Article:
- Next series: Roethlisberger threw another interception. The Broncos scored on the ensuing possession to make it 14-7.
- Next series: Roethlisberger, lining up in the shotgun, takes the bad snap, fumbles as he gets sacked, and the Broncos return the fumbled ball for a touchdown and a 21-7 lead.
Pass-play calls in the first half resulted in three sacks, two drops, two interceptions, one holding penalty and the crucial fumble return for a touchdown that gave the Broncos life and put the Steelers in a hole too deep.
The Steelers’ coaches would argue publicly that “poor execution” – a botched snap – led to Ben Roethlisberger’s game-turning fumble and the subsequent return for a touchdown.
Joey Porter’s Pit Bulls would counter that the botched snap and fumble would never have occurred if the Steelers had simply called a running play there instead of:
Lining up in the shotgun, on the road, in a noisy stadium full of drunken, rowdy fans, on primetime Sunday night television, against a well-coached Broncocs team coming off a bye week, against a team that was emotionally charged after a pregame flyover and ceremony commemorating two of their players who died in the offseason.
Anyway. The way to quiet a road crowd early in a game is to get the lead, hold it, and establish the run. Pound the ball. Take the crowd out of the game, and keep your foot on the throat of the defense.
But no-o-o-o …
Instead, by lining up in the shotgun in that situation, the Steelers created a set of elements primed for a colossal breakdown.
The crowd noise necessitated a silent count … which made it tough for the linemen to hear … which led to the guards and tackles appearing slow to get off their marks when center Sean Mahan abruptly bounced the ball at Roethlisberger’s feet as he was looking downfield to read how the linebackers and secondary were setting up ... which, in turn, forced Ben to scramble for the ball at his feet, as Marvel Smith missed a block while Elvis Dumervil speed-rushed inside Smith and seized Ben as he was struggling unsuccessfully to control the ball.
Fumble. Touchdown. Game momentum changed.
And that’s when the “circumstances of the game” changed for good or, rather, ill. Ironically, in the second half, the Steelers ran the ball as many times as they passed – and almost pulled off the comeback win (except for the defense breaking down on the last drive, but that’s another story).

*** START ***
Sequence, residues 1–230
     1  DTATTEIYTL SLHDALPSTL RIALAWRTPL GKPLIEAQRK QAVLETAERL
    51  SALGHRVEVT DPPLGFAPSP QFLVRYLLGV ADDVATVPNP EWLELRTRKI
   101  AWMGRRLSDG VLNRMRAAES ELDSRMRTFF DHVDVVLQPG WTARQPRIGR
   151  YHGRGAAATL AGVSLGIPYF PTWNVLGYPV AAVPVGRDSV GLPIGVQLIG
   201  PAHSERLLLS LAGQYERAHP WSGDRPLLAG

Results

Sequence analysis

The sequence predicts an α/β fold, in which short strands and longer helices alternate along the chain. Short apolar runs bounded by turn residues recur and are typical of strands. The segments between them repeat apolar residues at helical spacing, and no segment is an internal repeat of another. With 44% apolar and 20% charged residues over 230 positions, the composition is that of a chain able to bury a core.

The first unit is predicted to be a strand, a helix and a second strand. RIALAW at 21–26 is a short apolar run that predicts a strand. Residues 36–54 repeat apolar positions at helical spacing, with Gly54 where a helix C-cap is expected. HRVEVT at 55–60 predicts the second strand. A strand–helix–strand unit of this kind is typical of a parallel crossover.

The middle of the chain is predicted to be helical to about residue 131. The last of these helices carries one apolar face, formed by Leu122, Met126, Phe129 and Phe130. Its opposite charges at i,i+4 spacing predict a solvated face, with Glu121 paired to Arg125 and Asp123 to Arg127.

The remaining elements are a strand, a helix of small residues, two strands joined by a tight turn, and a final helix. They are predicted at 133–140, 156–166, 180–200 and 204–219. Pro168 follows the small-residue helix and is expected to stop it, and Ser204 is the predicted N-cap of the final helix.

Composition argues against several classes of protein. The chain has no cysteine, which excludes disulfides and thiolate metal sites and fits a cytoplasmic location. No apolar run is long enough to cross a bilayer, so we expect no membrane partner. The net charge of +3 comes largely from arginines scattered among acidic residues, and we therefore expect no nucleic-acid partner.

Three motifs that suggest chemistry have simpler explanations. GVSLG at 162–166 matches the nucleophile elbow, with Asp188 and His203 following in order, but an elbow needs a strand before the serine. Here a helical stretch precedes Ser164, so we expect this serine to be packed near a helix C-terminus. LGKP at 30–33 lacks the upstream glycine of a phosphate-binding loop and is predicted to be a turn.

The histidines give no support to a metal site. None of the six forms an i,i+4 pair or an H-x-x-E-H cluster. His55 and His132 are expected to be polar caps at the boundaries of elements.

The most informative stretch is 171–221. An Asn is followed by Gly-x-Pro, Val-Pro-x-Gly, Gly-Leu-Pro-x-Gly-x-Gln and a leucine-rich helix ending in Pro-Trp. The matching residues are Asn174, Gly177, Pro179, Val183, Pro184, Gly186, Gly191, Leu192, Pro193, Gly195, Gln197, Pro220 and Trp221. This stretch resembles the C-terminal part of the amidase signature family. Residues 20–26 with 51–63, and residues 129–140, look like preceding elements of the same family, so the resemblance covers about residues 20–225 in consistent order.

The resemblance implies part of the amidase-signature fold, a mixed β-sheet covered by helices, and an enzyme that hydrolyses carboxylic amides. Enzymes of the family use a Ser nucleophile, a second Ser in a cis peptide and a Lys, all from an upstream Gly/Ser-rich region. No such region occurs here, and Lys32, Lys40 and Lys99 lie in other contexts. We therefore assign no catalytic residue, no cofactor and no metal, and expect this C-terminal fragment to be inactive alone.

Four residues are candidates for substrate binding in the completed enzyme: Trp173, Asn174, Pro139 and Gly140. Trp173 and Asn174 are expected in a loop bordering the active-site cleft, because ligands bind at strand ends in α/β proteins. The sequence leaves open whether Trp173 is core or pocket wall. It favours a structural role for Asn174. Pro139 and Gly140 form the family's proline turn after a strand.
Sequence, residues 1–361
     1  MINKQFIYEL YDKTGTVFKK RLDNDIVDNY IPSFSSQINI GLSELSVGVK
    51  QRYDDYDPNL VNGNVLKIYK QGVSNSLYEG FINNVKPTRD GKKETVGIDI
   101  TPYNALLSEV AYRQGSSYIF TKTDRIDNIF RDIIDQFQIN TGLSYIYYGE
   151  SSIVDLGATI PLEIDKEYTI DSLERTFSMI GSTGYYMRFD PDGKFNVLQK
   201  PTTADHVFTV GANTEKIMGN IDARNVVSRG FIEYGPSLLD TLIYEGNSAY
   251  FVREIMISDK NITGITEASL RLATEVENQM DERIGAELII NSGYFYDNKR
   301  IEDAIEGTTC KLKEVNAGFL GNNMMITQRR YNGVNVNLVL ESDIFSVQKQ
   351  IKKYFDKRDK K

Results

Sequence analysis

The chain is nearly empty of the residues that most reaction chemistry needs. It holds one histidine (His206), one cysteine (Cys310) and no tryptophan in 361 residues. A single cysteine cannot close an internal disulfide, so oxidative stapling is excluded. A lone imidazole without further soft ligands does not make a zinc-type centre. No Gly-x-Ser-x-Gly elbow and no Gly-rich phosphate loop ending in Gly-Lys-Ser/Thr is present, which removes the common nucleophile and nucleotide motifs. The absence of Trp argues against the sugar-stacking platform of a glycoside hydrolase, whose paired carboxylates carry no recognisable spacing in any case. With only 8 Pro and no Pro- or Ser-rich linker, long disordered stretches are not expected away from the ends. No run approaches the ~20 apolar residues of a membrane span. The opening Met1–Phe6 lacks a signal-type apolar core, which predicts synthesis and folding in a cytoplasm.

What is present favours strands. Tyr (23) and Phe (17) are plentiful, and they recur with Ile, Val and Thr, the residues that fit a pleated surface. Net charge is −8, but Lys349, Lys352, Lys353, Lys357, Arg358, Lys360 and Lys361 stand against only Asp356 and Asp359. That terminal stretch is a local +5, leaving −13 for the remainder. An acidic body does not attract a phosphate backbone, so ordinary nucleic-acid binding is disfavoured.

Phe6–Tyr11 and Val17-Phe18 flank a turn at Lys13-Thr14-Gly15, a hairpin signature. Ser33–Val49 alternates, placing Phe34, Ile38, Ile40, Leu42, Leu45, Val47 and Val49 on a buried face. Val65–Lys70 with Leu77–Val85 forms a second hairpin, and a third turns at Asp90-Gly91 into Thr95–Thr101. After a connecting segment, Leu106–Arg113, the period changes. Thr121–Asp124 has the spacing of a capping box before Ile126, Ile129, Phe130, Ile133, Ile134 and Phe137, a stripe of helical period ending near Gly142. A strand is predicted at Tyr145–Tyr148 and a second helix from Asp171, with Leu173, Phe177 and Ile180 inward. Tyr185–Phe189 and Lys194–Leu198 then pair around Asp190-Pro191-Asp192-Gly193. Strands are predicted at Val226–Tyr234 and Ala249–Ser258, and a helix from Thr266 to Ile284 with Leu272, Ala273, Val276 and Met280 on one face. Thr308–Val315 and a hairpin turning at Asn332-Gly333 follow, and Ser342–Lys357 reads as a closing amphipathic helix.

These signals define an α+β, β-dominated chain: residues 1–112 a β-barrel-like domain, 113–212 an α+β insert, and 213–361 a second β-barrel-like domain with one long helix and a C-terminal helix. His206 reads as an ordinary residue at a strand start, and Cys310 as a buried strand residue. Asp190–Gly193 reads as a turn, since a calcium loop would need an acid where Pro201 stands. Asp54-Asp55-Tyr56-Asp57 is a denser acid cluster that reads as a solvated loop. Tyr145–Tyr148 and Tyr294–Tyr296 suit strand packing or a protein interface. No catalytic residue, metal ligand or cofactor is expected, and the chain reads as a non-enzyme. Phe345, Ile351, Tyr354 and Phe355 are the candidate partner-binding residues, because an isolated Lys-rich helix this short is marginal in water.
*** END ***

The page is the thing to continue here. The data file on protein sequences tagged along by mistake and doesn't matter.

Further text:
Our point? None of this would have happened, if the coaches had simply called a running play on the play where Roethlisberger fumbled. In a noisy stadium, etc, etc., etc.
Back to our original post-game comments by the coaches (“Circumstances dictated, etc. … “). “Just not enough opportunities when you turn the ball over and get down 14 points,” coach Mike Tomlin said.
Tru-dat, but they would never have been down by 14 points, if they had committed to the run early and often.
As Tunch Ilkin observed on Stan Savran’s SportsBeat last night, “Since when do the Steelers let the opposing defense dictate what they do on offense?”
Since when, indeed.
Hey! Guess what?
The Steelers go on the road again on Sunday. Against a still-desperate Bengals team that seems to have been suddenly invigorated by a newfound commitment to the running game.
We wonder if the Steelers will show a similar commitment – and whether they have learned their lesson, or will outsmart themselves once again.
Post-Script Addendum: After writing the above post, Joey Porter’s Pit Bulls got curious and wondered what others are saying about the Bengals’ Newfound Running Game. This should be interesting, considering the Steelers’ pride and longtime success in preventing opposing running backs from gaining 100 yards. Here's a quick round-up:
- Cincinati Post: Running attack shows new fire
- Newsday: Who the Heck is Kenny Watson?
- Cincy Jungle: Run, Run, Run
- Cincinati Enquirer: Maligned Run Game Delivers Win
- The Sports Network: Are Bengals Off and Running?